With the test station coming up later today, science is soon to begin. With this comes data, so data manager Joana Beja tells us what it entails:

Managing the data for the Changing Arctic Ocean (CAO) programme is not a straightforward task, with data being collected by 14 projects, funding from Germany and the UK, scientists working in different labs in both countries, fieldwork on research ships, but also smaller boats and land, it can seem a daunting task if not managed appropriately.

The way this programme is set up means that BSF funded data is managed by German data centres and the NERC funded data is managed by UK data centres, namely either the British Oceanographic Data Centre (BODC) or the Polar Data Centre (BAS-PDC). Communication between the data centres is key to ensure the data are not duplicated and are linked and easily discoverable to users (be it the wider community or CAO programme members).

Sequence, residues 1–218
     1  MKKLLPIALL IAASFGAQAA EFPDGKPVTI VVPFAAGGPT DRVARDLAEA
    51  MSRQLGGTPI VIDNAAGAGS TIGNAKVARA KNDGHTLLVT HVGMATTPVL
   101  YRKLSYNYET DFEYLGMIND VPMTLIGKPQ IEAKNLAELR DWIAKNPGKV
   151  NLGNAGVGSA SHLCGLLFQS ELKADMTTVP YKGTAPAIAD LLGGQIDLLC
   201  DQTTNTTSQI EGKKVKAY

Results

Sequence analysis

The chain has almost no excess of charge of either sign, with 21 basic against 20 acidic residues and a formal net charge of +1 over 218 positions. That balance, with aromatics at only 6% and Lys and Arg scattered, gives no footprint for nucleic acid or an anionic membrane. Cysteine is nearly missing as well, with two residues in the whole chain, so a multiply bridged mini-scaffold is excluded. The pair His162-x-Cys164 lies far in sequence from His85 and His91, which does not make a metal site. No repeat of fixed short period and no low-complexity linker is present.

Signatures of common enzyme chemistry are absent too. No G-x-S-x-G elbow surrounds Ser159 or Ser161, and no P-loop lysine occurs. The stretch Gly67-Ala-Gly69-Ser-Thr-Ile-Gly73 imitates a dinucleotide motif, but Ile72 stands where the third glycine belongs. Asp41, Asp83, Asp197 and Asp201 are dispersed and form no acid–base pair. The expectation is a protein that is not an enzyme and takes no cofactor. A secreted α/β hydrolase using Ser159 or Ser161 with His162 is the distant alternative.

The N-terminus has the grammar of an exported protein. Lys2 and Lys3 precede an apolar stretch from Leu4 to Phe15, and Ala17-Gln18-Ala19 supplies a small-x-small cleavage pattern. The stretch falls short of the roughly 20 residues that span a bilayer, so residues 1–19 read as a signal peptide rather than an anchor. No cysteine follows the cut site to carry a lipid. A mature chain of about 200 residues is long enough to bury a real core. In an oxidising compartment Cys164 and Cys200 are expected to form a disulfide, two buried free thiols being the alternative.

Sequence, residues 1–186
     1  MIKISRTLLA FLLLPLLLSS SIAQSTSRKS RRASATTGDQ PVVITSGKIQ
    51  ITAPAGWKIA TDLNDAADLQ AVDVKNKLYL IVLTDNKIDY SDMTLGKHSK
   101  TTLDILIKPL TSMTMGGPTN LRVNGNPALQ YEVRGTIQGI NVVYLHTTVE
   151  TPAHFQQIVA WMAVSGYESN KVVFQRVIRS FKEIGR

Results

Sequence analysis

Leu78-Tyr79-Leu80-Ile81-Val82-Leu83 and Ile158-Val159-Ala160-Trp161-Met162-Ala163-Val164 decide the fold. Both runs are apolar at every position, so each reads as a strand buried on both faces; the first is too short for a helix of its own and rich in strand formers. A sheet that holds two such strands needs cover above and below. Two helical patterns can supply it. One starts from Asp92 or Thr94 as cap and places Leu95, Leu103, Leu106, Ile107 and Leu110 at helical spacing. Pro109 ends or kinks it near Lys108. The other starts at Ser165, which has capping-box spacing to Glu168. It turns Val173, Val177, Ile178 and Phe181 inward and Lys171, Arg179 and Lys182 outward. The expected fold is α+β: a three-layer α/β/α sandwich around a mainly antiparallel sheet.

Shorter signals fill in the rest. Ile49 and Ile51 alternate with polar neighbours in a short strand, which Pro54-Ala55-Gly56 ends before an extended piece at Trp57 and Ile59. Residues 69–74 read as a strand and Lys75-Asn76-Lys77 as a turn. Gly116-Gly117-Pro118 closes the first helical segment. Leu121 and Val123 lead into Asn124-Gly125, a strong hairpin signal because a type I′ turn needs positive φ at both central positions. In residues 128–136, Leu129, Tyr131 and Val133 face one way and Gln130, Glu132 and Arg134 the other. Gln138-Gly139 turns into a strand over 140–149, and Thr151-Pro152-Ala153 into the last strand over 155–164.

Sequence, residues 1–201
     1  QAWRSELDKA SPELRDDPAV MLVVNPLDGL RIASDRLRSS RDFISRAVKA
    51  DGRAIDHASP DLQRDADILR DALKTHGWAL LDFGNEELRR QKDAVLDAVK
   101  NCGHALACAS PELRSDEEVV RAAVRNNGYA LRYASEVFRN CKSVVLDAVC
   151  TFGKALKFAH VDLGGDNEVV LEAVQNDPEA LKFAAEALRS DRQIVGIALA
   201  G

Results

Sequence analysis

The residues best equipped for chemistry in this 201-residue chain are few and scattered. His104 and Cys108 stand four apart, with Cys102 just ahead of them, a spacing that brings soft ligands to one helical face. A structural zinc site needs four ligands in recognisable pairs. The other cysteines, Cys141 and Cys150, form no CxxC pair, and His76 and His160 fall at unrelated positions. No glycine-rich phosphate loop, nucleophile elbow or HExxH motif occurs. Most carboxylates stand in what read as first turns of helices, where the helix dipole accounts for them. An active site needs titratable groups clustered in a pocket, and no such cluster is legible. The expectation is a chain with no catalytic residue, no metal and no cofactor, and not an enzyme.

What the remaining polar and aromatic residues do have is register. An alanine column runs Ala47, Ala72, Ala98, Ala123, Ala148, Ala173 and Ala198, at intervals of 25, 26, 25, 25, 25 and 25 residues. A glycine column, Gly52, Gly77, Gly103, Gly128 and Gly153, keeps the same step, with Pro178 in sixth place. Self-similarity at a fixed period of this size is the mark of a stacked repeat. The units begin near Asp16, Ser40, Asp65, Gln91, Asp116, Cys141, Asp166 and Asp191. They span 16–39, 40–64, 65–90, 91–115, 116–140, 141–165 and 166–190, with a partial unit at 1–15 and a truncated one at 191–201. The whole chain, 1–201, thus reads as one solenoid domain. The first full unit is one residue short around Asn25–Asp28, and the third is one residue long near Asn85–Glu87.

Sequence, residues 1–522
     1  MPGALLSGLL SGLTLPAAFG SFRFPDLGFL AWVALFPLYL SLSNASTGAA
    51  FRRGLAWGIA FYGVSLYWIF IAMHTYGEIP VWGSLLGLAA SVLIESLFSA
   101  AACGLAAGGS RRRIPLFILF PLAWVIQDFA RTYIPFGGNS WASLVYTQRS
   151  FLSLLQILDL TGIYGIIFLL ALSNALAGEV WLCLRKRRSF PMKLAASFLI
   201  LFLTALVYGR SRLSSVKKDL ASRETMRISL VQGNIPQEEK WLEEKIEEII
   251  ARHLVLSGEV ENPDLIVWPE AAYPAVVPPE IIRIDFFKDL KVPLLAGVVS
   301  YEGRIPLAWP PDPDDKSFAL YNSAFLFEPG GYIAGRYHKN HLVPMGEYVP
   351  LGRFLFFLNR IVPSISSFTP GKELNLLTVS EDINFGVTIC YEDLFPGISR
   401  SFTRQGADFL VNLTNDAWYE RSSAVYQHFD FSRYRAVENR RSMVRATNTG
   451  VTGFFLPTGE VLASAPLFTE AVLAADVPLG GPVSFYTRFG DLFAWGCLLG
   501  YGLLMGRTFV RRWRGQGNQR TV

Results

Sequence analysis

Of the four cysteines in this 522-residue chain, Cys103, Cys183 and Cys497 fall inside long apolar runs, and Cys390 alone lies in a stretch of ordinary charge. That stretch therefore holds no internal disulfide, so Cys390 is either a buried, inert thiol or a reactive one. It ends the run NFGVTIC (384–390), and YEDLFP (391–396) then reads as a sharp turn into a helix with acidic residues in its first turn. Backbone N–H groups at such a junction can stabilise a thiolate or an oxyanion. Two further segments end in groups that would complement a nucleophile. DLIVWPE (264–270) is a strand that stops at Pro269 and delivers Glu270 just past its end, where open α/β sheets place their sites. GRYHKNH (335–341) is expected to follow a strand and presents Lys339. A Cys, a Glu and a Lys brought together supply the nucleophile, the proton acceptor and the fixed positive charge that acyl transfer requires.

BODC is the primary data centre for the CAO in the UK and myself and other colleagues have been working as on-board data managers on the 6 cruises that took place on the RRS James Clark Ross since 2017.

Our main job whilst on the ship is to make sure the appropriate metadata is captured and collated but we also provide a helping hand when it comes to collecting samples. From “bottle-coping” when the CTD is on deck and ready to sample, to make sure the metadata is appropriately collated during net trawls, to doing sediment sampling or sieving mud for macrofauna, I’ve done a bit of everything whilst on board and have had a great experience working alongside everyone the different teams.

I have a physical oceanography background so being part of geological and biological focused cruises meant that I’ve also learned a lot about these two disciplines, and the fieldwork involved in collecting the samples required for the science programmes.

When we are back in the office we make sure the data we received is securely archived, properly documented, quality controlled and made available to the wider community through our website.

Myself (yellow hard hat) and Liz Talbot sampling a box core on JR17007

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